This morning, as I read the opening words of Psalm 1, I thought to myself, “What does it take to become mature in Christ – and by extension, what makes us immature?” In part, Psalm 1 points to company we keep.
Blessed is the one
who does not walk in step with the wicked
or stand in the way that sinners take
or sit in the company of mockers,
but whose delight is in the law of the Lord,
and who meditates on his law day and night.
Psalm 1:1-2 (NIV)
For the first part of the question (“What does it take to become mature in Christ?”) I had some answers.
The second part of the question (“What makes us immature?”) held me for a moment. In fact, it poked at me. Every time I believe I’ve become more mature in Christ, some circumstance, fear (rational or irrational), or peace-tipping conversation messes with my highest held views of myself, and I become a spiritual infant in my own eyes once again.
While there are many things that can “de-mature” us as we walk with Jesus, Psalm 1:1-2 makes one set of them clear: the company we keep.
The company we keep is not just in person; we also share company with other souls on Facebook, Instagram, Twitter, over text, and in the worlds we choose to access via Netflix, Amazon Prime, Disney, in the podcasts we listen to, and more.
Just because someone is a media personality, is acting out a script, or is skilled with their words and thought, does not make them “not a soul.”
They are part of the company we keep.
Psalm 1 begins by telling us to choose that company wisely, lest we lose some of the maturity we may have gained.
In my experience, I need to keep company with the faithful, with the “I’m holding onto the hem of Jesus’ garment until He blesses me” kind of people. I need to keep company with those who will offer hard words to me about the company I’m keeping – even challenging me and making me uncomfortable with some of my choices.
The “blessed” word at the beginning of this passage speaks, ultimately, of being blessed with the presence and nearness of God. All blessing comes back to this, and suffering can lead us there as much as success (in fact, potentially more often).
We all want to be near God, and to sense God near, but there is some cost to that experience measured in the currency of the company we keep: how we do relationships and interact with other souls in the world.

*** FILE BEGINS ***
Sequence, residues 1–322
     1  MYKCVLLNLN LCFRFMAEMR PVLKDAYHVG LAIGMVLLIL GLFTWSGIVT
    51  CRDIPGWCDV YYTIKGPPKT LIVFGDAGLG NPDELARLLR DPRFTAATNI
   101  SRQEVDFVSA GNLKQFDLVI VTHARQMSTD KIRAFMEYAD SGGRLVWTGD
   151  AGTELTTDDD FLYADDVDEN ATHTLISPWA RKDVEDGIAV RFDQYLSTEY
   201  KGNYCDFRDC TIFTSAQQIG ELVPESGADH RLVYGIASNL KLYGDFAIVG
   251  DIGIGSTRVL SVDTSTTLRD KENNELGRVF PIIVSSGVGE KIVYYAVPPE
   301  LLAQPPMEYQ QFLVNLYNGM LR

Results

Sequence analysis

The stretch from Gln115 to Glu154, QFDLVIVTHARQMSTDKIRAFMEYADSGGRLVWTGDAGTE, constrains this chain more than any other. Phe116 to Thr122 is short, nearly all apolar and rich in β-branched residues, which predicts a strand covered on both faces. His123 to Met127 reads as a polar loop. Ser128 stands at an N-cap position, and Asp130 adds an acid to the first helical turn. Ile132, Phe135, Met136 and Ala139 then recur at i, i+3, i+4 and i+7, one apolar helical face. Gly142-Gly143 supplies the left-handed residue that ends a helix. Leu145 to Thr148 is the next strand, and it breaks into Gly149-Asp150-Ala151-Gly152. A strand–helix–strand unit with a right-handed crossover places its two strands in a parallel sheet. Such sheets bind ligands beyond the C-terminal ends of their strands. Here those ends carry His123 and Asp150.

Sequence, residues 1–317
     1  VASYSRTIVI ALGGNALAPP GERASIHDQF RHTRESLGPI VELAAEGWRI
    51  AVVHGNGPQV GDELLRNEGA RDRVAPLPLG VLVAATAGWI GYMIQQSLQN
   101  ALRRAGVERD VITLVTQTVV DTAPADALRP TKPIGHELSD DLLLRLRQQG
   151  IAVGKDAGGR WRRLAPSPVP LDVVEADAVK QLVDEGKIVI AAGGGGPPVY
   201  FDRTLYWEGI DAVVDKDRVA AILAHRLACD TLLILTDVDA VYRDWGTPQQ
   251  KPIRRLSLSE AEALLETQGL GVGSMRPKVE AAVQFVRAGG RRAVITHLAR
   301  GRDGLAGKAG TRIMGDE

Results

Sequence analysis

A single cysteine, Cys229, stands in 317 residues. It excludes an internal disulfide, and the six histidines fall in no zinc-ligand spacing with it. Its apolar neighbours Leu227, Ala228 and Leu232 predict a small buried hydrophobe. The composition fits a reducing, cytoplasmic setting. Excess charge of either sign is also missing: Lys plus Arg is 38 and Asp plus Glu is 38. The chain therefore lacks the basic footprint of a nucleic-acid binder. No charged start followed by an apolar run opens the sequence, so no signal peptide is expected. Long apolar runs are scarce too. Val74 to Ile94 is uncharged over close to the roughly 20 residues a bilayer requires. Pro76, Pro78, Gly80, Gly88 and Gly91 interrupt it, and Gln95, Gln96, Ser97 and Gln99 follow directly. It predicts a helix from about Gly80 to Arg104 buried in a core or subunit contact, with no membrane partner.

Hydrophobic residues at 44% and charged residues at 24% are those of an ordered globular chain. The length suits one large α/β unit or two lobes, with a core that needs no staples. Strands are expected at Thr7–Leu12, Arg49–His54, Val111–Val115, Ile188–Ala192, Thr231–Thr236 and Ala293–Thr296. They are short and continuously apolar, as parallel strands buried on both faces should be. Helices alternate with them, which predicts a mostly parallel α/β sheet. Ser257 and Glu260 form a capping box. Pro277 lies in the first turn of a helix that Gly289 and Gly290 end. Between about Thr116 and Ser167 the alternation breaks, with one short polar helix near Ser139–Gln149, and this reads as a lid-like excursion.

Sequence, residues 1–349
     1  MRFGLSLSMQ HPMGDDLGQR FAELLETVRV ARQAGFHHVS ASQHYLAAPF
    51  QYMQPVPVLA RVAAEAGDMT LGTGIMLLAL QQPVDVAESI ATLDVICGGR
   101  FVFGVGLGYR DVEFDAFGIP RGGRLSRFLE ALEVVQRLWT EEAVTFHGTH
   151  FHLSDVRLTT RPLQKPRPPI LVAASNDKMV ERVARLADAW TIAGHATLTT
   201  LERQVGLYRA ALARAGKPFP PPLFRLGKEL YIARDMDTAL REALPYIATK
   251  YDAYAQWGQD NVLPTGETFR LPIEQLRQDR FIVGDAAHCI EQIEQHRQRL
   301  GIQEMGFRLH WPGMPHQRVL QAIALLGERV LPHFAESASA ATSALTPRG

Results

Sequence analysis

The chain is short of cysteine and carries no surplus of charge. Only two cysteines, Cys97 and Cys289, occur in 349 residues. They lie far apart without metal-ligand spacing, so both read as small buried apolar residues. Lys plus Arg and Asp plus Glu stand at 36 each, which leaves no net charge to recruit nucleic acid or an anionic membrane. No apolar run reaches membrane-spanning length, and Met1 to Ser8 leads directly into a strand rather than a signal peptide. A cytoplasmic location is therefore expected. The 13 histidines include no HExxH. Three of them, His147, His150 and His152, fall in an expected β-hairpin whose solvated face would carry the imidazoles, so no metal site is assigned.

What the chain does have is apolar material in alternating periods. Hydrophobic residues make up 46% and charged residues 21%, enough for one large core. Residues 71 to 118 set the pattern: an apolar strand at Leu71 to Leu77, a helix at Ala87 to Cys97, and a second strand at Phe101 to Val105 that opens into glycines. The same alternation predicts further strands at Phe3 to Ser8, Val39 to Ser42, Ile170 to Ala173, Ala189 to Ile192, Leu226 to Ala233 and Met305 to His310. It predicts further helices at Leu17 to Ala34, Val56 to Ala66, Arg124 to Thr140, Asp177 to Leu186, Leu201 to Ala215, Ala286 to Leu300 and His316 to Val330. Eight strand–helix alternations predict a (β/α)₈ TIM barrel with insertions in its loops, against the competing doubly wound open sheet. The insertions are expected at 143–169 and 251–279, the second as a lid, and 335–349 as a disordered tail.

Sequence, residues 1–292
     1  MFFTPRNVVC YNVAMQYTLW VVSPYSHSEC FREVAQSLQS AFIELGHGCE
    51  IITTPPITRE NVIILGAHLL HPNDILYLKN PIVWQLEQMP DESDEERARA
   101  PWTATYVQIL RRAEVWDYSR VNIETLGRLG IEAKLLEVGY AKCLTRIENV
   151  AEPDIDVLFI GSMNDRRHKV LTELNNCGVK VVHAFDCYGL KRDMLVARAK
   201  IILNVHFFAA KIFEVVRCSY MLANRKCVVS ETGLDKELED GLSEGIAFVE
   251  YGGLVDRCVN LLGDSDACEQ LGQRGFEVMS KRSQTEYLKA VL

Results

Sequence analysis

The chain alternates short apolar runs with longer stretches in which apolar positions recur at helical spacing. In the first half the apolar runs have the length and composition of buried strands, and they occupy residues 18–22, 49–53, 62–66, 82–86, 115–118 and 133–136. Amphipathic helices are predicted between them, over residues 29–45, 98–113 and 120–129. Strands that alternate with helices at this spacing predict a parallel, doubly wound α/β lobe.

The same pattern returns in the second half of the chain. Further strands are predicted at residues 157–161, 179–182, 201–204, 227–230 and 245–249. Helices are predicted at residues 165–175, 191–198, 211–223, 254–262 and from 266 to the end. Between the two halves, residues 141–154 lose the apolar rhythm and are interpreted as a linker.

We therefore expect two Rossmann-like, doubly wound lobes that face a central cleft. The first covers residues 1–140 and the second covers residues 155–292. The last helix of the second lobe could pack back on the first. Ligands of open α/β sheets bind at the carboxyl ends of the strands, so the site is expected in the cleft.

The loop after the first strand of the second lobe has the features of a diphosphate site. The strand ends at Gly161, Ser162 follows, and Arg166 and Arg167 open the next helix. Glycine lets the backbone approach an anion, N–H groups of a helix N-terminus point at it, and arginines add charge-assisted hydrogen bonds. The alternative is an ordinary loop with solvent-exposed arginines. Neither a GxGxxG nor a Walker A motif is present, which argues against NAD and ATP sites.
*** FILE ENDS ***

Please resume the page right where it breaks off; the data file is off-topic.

Jesus spent much time walking, standing, and sitting with those the Pharisees called “sinners.” But as the Son of God, He was the Culture-Maker in the room – and they all knew it and loved Him for it.
He influenced – rather than opening Himself to being influenced by their broken patterns. He was surely moved by their lives, but He had the capacity to see the temptations that came with relating on that turf and to manage them well before His Father.
When we take strolls with souls who deny God is at work in their lives (or in practice define god as their family and friends; that’s a thing today), or even use God talk without evidencing the fruit of the Spirit that apparently accompanies we who live in the presence of God, we start to become like our stroll-mates.
When we hang around people who make various forms of sin their norm and repentance the exception, we start to lose our own lines in the sand and cross them without thinking. (Netflix is helping many of us cross internal lines we never thought we would before.)
When we sit down and share a cup of virtual, social-media coffee with someone who scoffs at the sacred and deifies a “good life” that is foreign to the “good life” the Gospel offers, we have to be present to the fact that we may be changed, quietly and subtly, in our views on precious things.
Jesus, I want to walk with You through this world, engaging with the presence of my Creator rather than becoming lost through my haphazard engagements with others. Re-define my relationships and ways of relating for me, that I may experience the blessing of one who delights in Your ways and Your Word.
I walk with You, my Lord Jesus, and choose You as my primary company,